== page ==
Tuesday, 7 August 2012

Does the Thylacine still roam Victoria?

Over at The Casey Weekly, the Thylacine is the talk of the town. Here's what report Catherine Watson had to say about it:

The Tasmanian tiger was declared officially extinct when the last zoo animal died in Hobart in 1936. But over the years there have been several possible sightings on the outskirts of Cranbourne.

An image of a Tasmanian tiger sticks in many people's minds. Pictured in the Hobart Zoo in 1936, the lone animal stares warily out of her cage, the last remnant of a doomed species. She died soon after the photo was taken.

The Tasmanian tiger haunts the Australian imagination as no other animal does. Perhaps it's because Australians watched it become extinct before their eyes and only realised when it was gone what they had lost.

Less than 30 years earlier, the Tasmanian government had been paying out a bounty on tigers. It wasn't until 1936 that it was gazetted as a protected species.

Even in the 1950s, 15 or 20 years after the animal had been declared nationally extinct, reports of possible sightings prompted carloads of men with dogs and guns to set out on tiger hunts. The hunts were always unsuccessful, and a question mark remains on whether the tiger survives on the mainland.

In June 2009, the Cranbourne Journal (predecessor of the Casey Weekly) ran an article on a possible sighting of a Tasmanian tiger crossing Chevron Avenue, Cranbourne South, in 2001. Another Cranbourne resident claimed to have seen a tiger in Tooradin in 2000.

But does it survive on the mainland? The Australian Rare Fauna Research Association has about 3800 mainland sightings of an animal answering the description of the tiger in its files.

ARFRA secretary Dorothy Williams says a quick search brings up reports from Crib Point (1973), Warneet (1997) and Tooradin (2000).

While this is no hot spot for sightings, there are clusters of sightings not far away in the Dandenongs to the north, part of the east coast of

Western Port, and south from Wonthaggi, among many more scattered Gippsland sightings.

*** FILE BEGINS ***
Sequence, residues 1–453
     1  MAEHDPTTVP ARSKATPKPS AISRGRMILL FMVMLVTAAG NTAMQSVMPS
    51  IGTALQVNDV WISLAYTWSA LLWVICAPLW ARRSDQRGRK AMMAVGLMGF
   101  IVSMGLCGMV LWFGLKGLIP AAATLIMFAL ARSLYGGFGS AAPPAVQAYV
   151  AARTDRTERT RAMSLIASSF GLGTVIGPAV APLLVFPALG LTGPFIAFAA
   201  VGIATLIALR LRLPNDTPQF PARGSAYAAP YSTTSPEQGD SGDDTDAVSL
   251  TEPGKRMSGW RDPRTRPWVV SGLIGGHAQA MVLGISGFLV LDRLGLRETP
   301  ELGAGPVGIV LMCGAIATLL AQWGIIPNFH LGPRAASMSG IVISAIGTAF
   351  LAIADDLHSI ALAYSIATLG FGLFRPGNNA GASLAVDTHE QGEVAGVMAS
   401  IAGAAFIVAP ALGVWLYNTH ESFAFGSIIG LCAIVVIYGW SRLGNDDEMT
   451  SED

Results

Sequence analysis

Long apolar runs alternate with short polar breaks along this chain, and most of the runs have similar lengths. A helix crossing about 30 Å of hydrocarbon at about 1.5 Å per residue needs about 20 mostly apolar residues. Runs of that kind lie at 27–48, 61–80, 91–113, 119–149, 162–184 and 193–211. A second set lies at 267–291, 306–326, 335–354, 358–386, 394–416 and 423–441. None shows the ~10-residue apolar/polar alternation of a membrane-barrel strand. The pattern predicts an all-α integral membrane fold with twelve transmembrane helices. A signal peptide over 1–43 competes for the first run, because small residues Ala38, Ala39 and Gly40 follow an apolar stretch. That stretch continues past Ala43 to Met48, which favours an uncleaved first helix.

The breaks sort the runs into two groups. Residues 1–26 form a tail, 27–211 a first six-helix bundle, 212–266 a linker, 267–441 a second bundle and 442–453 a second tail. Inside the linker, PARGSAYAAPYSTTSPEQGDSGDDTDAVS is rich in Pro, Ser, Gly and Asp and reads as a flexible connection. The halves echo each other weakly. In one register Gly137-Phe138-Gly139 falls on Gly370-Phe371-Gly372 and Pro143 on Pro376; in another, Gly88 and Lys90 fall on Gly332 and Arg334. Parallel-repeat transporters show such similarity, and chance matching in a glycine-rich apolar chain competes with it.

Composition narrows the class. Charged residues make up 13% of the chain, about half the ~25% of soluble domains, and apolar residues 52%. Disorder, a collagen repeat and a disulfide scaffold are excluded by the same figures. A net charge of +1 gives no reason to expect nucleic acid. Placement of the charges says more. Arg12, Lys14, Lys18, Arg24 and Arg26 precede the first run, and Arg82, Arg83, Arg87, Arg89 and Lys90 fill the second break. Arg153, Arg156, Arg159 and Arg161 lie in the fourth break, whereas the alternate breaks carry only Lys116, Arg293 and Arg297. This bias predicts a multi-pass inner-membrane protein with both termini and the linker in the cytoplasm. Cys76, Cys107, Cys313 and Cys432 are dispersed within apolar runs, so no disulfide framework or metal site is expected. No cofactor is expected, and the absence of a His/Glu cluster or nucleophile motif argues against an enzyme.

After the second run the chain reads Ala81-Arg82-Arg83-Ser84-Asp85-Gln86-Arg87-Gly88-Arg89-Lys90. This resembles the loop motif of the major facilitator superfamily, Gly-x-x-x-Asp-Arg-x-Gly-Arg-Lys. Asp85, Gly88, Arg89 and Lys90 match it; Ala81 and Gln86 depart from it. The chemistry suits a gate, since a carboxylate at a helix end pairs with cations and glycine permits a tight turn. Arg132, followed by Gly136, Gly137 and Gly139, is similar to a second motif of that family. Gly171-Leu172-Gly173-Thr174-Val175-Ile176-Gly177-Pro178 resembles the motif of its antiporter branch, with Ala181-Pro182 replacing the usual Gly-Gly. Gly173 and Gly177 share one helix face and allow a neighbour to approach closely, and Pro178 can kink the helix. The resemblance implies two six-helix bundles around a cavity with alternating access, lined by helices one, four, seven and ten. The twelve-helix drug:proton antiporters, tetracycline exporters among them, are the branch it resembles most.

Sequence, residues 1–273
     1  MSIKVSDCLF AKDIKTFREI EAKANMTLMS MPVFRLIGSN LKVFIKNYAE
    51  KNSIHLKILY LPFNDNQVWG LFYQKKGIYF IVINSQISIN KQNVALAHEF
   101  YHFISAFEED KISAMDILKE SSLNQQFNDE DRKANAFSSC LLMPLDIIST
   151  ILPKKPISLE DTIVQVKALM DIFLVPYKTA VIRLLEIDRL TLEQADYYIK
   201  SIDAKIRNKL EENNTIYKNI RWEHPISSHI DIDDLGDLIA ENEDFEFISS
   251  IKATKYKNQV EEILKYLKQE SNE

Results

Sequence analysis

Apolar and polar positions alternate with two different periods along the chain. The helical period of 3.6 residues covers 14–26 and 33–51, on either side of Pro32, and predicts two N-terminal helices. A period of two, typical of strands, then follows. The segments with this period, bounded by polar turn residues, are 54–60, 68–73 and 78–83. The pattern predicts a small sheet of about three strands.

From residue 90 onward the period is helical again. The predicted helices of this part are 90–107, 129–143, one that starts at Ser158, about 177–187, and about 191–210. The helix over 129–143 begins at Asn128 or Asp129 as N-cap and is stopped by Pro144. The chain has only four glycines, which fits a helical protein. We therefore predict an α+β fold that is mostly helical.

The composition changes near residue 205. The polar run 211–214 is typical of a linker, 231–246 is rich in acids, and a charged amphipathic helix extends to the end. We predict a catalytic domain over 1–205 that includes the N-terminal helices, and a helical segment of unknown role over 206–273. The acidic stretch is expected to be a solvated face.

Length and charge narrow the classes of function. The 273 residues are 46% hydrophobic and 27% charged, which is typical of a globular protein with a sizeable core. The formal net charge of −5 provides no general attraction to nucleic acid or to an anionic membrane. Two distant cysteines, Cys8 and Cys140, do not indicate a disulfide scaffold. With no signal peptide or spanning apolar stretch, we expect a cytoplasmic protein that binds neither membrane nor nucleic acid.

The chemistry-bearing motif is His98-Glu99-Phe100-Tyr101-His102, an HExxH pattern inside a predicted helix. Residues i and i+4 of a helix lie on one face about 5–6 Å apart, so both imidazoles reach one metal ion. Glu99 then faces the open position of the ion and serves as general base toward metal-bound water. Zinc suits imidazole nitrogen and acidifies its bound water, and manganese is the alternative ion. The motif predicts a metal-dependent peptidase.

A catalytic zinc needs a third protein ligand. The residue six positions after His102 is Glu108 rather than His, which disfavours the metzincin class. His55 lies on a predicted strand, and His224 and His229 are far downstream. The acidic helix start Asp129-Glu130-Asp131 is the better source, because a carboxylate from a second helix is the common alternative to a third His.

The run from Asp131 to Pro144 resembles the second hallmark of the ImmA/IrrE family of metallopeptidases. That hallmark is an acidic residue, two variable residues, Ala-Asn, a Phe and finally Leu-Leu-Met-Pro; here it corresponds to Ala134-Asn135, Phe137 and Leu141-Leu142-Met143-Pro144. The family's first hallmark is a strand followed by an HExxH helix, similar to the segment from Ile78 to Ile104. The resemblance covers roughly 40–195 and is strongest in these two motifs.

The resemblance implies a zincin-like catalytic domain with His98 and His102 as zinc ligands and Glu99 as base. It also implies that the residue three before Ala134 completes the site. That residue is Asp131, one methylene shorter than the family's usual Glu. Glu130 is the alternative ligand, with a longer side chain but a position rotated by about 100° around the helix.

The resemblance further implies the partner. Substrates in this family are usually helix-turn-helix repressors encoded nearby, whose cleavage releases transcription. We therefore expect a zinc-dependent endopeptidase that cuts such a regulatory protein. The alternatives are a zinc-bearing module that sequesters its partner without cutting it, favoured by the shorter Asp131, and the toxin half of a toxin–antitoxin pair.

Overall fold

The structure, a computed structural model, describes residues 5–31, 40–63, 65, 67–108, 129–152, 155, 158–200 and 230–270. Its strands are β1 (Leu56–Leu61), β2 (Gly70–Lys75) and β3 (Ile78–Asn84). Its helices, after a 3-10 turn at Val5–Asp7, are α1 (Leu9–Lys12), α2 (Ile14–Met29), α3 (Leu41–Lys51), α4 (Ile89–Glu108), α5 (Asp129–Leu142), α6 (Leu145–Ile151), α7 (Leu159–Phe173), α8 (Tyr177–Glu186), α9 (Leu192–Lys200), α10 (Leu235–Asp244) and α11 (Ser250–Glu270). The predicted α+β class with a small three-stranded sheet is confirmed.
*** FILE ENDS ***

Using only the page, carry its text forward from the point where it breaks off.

"It's always possible that some unexpected event can send an animal away from its usual territory."

She says the accounts differ from one eyewitness to another, but two details are constant: vertical stripes on the animal's back and its peculiar gait. People often report that the animal they saw ran clumsily, and nothing like a dog or fox.

What the association doesn't have yet is a photograph, the remains of a tiger from the mainland or - best of all - a live animal.

DNA tests of such an animal would solve the final mystery: whether mainland tigers - if they exist - are related to Tasmanian tigers, whether they are remnants of a separated mainland population or whether they are a different but similar animal.

The association is careful in its use of language when talking about possible sighting. It does not claim that the tiger exists, only that it has too many credible reports to ignore the possibility.

In 1979, there was a much reported report of a Tasmanian tiger by fencing workers at Lang Lang early one morning. This is one of the few daytime reports, it was seen by several people and - very importantly - they hadn't been drinking.

DISTINGUISHING features of the thylacine:

■ Stripes across the rump and lower tail (in most individuals).

■ The thickness of the tail at the rump.

■ The low hock (heel).

■ Size: ranges from the size of a fox to a large German shepherd, depending on age and sex.

■ Colour: sandy to dark brown with darker stripes.

■ Gait: unusual, slow and clumsy to very fast, sometimes bounding or sitting up.

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